The Scottish government has welcomed a report which calls for an increase to the number of hours of continuing professional development (CPD) that STEM teachers are required to complete each year

The Scottish Parliament buildings in Edinburgh

Source: Brendan Howard/Shutterstock

The Scottish Parliament buildings in Edinburgh

The report by the independent Science and Engineering Education Advisory Group (SEEAG) considers a wide range of issues around science education and engagement. It identifies research evidence about which methods are effective in improving education and makes 63 recommendations for future action to enhance science teaching in Scotland. 

Themes covered by the recommendations include initial teacher education, challenges created by the new Curriculum for Excellence (CfE) and support structures for teachers and learners. Within the theme of professional development there are 14 recommendations, a significant one being 'that the Scottish government ensures effective implementation of CfE by providing funding to support an increase in the time provision for CPD to 50 hours per year for all STEM teachers'. If this is implemented this would be an increase of 15 hours per year on the current statutory requirement.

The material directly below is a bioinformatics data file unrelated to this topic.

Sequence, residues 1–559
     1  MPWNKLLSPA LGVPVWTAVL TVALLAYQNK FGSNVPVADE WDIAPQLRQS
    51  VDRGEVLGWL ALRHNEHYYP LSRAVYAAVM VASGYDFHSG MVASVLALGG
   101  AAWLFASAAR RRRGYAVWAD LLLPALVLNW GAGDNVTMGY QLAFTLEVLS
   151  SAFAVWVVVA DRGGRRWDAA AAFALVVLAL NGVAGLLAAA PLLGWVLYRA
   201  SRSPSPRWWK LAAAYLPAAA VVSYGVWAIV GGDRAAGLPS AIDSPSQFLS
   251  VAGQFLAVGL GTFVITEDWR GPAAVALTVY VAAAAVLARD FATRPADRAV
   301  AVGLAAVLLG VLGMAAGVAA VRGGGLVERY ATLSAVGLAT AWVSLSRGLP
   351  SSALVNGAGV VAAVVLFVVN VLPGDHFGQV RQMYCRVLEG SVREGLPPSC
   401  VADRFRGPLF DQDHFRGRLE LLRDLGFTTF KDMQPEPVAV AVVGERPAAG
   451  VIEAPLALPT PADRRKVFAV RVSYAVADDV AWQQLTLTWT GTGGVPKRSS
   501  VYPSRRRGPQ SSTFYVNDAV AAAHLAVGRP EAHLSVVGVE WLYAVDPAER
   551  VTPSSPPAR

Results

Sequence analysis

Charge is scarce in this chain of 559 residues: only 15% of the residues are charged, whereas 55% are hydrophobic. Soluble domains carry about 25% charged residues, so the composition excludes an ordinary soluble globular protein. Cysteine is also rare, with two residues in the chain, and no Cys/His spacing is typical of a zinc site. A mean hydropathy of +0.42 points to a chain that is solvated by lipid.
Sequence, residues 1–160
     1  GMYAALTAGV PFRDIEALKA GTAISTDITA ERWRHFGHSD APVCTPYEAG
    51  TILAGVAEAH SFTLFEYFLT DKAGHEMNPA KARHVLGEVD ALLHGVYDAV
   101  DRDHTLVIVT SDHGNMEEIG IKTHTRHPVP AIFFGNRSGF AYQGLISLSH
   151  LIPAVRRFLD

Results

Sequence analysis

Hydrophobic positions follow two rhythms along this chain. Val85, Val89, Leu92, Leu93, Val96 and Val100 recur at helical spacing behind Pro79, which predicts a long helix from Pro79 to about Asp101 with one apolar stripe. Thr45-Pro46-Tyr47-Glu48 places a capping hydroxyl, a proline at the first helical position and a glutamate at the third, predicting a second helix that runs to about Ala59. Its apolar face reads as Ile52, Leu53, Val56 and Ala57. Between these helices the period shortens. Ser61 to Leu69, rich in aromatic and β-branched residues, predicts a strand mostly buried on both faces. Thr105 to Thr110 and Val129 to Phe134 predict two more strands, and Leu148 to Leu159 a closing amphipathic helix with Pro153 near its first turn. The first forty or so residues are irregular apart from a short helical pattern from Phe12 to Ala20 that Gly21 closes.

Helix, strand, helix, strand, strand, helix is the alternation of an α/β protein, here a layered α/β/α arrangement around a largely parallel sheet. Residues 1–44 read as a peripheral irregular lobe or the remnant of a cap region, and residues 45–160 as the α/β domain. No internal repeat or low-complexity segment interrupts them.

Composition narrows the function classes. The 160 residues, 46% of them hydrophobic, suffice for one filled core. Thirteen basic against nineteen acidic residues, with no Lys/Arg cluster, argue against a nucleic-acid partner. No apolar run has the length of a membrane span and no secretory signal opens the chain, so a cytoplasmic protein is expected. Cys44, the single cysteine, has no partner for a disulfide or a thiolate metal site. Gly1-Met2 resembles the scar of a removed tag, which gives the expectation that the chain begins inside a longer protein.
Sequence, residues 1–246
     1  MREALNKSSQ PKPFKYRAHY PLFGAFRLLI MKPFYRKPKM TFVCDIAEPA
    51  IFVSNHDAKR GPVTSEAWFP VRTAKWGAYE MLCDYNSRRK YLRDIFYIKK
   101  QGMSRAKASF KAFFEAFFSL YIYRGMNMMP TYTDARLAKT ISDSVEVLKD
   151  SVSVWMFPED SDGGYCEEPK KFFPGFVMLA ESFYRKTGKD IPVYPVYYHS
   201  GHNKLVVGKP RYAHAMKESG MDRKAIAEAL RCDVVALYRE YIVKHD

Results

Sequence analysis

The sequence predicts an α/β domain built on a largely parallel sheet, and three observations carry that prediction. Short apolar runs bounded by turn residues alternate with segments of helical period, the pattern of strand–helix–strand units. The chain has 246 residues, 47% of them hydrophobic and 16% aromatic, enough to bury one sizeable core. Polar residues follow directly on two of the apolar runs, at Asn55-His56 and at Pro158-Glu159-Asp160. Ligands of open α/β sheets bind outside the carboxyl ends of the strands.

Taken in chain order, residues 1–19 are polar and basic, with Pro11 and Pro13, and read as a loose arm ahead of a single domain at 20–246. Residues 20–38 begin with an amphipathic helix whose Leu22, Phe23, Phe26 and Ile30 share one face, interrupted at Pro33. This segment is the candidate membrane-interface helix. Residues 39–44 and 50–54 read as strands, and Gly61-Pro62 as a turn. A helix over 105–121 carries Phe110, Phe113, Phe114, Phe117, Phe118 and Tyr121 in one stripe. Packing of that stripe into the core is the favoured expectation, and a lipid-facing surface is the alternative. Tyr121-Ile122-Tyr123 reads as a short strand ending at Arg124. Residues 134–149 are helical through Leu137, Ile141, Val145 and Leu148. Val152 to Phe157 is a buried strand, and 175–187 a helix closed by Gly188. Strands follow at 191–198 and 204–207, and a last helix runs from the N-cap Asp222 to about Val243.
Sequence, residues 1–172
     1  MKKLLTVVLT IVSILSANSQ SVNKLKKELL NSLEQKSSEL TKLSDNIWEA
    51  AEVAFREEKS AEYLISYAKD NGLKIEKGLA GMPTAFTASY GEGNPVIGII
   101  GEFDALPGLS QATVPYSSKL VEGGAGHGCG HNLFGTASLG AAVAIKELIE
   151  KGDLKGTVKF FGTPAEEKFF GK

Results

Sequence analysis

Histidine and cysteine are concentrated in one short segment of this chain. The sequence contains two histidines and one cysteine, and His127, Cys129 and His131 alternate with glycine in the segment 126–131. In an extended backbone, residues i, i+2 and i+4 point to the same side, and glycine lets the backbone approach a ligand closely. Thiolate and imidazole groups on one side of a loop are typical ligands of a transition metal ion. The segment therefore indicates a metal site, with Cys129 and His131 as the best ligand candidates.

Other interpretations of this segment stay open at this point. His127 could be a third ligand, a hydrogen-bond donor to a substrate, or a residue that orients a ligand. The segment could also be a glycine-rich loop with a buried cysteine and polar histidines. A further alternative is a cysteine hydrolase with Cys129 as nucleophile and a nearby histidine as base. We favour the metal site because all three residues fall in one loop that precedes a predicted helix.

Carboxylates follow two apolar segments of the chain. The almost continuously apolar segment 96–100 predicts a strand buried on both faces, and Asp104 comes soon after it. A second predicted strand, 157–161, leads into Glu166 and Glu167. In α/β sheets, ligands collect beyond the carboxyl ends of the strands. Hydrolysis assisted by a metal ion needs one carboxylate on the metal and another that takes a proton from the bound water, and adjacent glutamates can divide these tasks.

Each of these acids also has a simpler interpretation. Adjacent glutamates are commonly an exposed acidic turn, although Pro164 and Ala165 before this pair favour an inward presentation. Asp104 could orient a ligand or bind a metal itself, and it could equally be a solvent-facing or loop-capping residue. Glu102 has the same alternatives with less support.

SEEAG have based their recommendation on a 2008 report from the National Science Foundation. The report says that 'significant effects of professional development programmes for STEM teachers are seen when the programmes include a focus on content knowledge together with follow-up pedagogical training for total times of at least 50 hours/year'. 

As the SEEAG report was released, Alasdair Allan, the Scottish Minister for Learning said: 'Teachers are vital in supporting the development of learning and skills. That is why today's announcement of £600,000 per annum for the next three years for dedicated science teacher Continual Professional Development (CPD) provision is so important.' 

Ian Wall, co-chair of SEEAG, said that the report provided clear evidence and recommendations to ensure that the government will be able to build on the strengths and opportunities of the CfE to provide a strong and rounded education for all.  

Related Links

 SEEAG second report 

Supporting Scotland's STEM education and culture